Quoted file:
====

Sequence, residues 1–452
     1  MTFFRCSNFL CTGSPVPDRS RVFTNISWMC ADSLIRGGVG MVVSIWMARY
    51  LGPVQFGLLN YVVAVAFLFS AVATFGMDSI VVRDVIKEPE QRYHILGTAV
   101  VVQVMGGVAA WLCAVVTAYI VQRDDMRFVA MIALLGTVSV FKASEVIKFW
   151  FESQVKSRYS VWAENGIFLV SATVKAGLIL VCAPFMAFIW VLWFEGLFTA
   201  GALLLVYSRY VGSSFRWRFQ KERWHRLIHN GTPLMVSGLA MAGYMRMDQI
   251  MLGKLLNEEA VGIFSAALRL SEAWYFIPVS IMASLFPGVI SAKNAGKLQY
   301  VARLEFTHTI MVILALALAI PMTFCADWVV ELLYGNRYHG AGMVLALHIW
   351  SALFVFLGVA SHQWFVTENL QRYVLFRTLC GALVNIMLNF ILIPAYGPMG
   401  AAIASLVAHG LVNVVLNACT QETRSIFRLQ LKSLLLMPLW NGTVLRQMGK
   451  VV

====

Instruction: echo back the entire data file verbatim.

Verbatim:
Sequence, residues 1–452
     1  MTFFRCSNFL CTGSPVPDRS RVFTNISWMC ADSLIRGGVG MVVSIWMARY
    51  LGPVQFGLLN YVVAVAFLFS AVATFGMDSI VVRDVIKEPE QRYHILGTAV
   101  VVQVMGGVAA WLCAVVTAYI VQRDDMRFVA MIALLGTVSV FKASEVIKFW
   151  FESQVKSRYS VWAENGIFLV SATVKAGLIL VCAPFMAFIW VLWFEGLFTA
   201  GALLLVYSRY VGSSFRWRFQ KERWHRLIHN GTPLMVSGLA MAGYMRMDQI
   251  MLGKLLNEEA VGIFSAALRL SEAWYFIPVS IMASLFPGVI SAKNAGKLQY
   301  VARLEFTHTI MVILALALAI PMTFCADWVV ELLYGNRYHG AGMVLALHIW
   351  SALFVFLGVA SHQWFVTENL QRYVLFRTLC GALVNIMLNF ILIPAYGPMG
   401  AAIASLVAHG LVNVVLNACT QETRSIFRLQ LKSLLLMPLW NGTVLRQMGK
   451  VV